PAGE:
Sunday, October 11, 2009

International Law and the Double Standard

A common criticism of international law -- both existing law and potential law -- is that states have their own interests and will only comply with or form new law when it aligns with those interests. Recently, Eric Posner argued this on Foreign Policy. Putting aside his weak contention that President Obama has been as equally loathsome of international law as President G.W. Bush, Posner's main theme is that countries' interests don't align enough to make international law worthwhile.

The problem with this argument is that it is being applied selectively to international law -- it's a double standard. In domestic politics, every individual citizen has their own interests. That is a given. In representative democracies, like the United States or most any other democratic country, congresspeople or parliamentarians have very distinct interests (that may or may not represent their constituents). But scholars and commentators don't disparage democracies because various people or politicians have interests. To have interests is derived directly from having needs, and to have needs means you're alive.

So, the argument that "unaligned interests makes cooperation hopeless" is absurd. If this were true, then we ought to all give up on any form of society or government.

The primary difference between international and national law is enforcement, not interests. While in the US, for example, an individual can be arrested and convicted for murder, there are no world police (technically speaking). And mechanisms like the United Nations Security Council or the International Criminal Court are hampered by a lack of strong enforcement mechanisms. (The ICC has been struggling recently to stay above water in this respect.)

But the lack of international enforcement is a choice and, perhaps, rather natural. International law is, historically, still in its nascency. The first attempt at truly global law didn't begin until the attempts at forming the League of Nations in 1916, so in this sense, international law hasn't even hit the century mark.

Compare this to the European Union. The Treaty of Westphalia, signed in 1648, was the initial attempt at Europe's first security-based international system of law. It was a full 344 years before the European Union -- states linked by domestically enforceable law -- was formed through the Treaty of Maastricht. And even now, there is no single EU military or police force. Each state's police force within the EU must, under law, uphold EU regulations.

The world is composed of many more individuals and states, so it seems predictable that the development of an international legal system should take so long.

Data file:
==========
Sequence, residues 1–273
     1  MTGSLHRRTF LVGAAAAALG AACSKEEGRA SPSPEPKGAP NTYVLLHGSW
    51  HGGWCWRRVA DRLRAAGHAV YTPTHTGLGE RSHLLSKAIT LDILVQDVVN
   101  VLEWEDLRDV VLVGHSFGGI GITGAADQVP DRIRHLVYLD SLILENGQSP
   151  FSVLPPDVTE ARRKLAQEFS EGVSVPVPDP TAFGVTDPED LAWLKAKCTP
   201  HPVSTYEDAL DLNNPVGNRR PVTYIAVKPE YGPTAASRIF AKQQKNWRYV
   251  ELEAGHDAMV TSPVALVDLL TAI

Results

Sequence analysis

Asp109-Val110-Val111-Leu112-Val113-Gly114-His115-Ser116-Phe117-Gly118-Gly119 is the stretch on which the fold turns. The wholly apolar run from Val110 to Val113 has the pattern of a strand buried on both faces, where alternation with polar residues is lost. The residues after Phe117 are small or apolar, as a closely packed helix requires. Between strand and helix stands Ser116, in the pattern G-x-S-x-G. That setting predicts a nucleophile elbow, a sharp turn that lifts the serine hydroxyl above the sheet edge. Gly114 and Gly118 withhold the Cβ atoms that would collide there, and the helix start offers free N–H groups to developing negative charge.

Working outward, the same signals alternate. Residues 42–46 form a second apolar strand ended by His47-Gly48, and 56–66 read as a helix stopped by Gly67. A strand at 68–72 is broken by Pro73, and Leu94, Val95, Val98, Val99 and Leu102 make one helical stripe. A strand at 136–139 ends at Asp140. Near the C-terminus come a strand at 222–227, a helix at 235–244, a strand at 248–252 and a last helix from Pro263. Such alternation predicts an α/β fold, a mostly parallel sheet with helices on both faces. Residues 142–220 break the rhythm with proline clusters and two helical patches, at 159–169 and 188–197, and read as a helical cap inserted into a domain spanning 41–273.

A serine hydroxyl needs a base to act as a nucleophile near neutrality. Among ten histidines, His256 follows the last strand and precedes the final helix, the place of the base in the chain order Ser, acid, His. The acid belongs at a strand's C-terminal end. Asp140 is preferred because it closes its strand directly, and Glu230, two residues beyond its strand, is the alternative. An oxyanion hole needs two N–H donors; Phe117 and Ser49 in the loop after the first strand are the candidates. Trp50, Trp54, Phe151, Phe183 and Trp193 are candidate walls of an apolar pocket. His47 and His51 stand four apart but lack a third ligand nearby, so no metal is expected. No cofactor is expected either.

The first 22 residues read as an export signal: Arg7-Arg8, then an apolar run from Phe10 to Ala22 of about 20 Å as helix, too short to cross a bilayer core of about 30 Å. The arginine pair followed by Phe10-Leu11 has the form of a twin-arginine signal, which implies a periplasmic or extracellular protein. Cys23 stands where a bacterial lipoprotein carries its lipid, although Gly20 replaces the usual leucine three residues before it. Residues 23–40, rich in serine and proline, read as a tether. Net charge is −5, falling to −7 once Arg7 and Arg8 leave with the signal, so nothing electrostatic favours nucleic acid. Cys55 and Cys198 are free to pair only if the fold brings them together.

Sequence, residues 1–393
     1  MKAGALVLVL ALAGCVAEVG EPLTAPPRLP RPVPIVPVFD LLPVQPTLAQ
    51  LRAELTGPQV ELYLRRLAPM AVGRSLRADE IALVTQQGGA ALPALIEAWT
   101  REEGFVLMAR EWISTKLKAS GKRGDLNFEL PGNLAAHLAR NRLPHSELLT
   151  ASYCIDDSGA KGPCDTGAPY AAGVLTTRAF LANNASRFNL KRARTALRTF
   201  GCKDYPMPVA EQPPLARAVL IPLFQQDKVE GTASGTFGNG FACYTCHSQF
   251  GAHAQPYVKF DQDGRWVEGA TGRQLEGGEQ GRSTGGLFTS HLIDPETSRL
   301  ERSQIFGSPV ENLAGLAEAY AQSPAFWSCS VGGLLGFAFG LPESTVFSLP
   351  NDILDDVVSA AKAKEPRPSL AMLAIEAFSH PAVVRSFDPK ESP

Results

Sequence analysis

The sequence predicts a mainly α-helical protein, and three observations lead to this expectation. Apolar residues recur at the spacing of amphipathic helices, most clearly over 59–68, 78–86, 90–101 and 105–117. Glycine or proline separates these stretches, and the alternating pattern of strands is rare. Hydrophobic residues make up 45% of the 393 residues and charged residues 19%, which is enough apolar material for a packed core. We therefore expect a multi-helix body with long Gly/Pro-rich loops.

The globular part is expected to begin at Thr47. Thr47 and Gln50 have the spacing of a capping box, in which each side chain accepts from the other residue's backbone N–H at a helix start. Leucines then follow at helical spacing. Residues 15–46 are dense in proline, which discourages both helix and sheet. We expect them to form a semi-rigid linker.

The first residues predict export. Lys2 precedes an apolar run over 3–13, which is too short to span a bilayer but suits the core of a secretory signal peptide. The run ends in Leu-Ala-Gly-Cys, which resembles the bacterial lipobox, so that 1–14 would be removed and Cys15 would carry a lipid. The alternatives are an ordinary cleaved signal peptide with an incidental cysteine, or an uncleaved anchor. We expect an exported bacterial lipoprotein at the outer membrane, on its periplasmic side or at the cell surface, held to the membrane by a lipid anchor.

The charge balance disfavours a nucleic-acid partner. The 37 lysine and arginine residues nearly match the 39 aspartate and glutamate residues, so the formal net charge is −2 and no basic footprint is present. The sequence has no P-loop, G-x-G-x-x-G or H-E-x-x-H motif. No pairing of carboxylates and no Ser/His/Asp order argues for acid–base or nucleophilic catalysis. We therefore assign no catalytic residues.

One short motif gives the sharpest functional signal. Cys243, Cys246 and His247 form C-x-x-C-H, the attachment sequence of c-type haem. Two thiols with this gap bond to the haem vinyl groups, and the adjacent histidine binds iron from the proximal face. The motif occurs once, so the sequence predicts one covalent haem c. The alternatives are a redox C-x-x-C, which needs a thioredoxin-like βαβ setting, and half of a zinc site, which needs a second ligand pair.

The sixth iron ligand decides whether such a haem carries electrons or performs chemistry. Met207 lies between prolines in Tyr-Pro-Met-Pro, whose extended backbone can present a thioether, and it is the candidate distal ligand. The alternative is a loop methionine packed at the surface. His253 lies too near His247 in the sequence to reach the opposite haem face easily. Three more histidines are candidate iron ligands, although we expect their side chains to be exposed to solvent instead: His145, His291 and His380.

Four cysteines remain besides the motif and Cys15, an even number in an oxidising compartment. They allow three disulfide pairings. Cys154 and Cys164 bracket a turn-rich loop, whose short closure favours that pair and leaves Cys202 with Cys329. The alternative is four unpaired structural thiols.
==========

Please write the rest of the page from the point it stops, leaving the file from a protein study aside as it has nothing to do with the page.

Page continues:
Ironically, Posner makes a key observation in the development of effective international law: "International law is only as strong as the states with an interest in upholding it." Precisely. America's domestic system of law is upheld, at base, because the individuals and entities in that system consent to it. Americans each have an interest in social order, lest chaos abound. Likewise, international law makes the world more efficient, predictable, and (in the long run) safer.

Given so many disparate interests, we're unlikely to see a world government in our lifetimes. But today's arguments over international law may seem laughable in 2200 -- like arguments in 1733 over a religious-refugee-founded, world-dominating union of fifty states spanning the North American continent seem today.


  1. Nice article Kevin! I think to develop international legal system, legal bodies of different nations should come together and make laws jointly.

  2. Thanks, Houston. By "legal bodies", do you mean parliaments? That is, do you think that national representatives should meet with one another to hash out common law?

    If my understanding is correct, then, in theory, I very much like the idea. It allows individuals to be less-separated from the int'l law that affects them. (Right now, one of the biggest contentions is democratic "deficit", whereby individuals are many times removed from the people who make int'l law.)

    But in its application, national lawmakers meeting to hash out int'l law becomes problematic. First, how do these people make national law and still have time to debate or really think about int'l law? Moreover, how do you get representatives from 200+ entities to communicate effectively? That would be thousands of people.

    Today's general framework of a president or head of state representing the interests of their country seems to be *okay* for now. In many cases, this head of state is an elected representative.

    But the ideal situation might be a "global parliament". This has actually be suggested as a UN General Assembly reform. The idea is to have individual representatives directly chosen by people for an int'l body. The the reform ideas have so many obstacles to overcome among various UN countries. (For example, big countries prefer a size-related representative model like our House of Reps, while smaller countries prefer a Senate-style body.)

    Anyway. As I elude to in the article above, I think that int'l law will continue its long trek toward more enforcement and a broader scope as time continues. Eventually, this will entail a more prestigious and powerful lawmaking body. Whether this can occur in our lifetimes is another matter altogether ...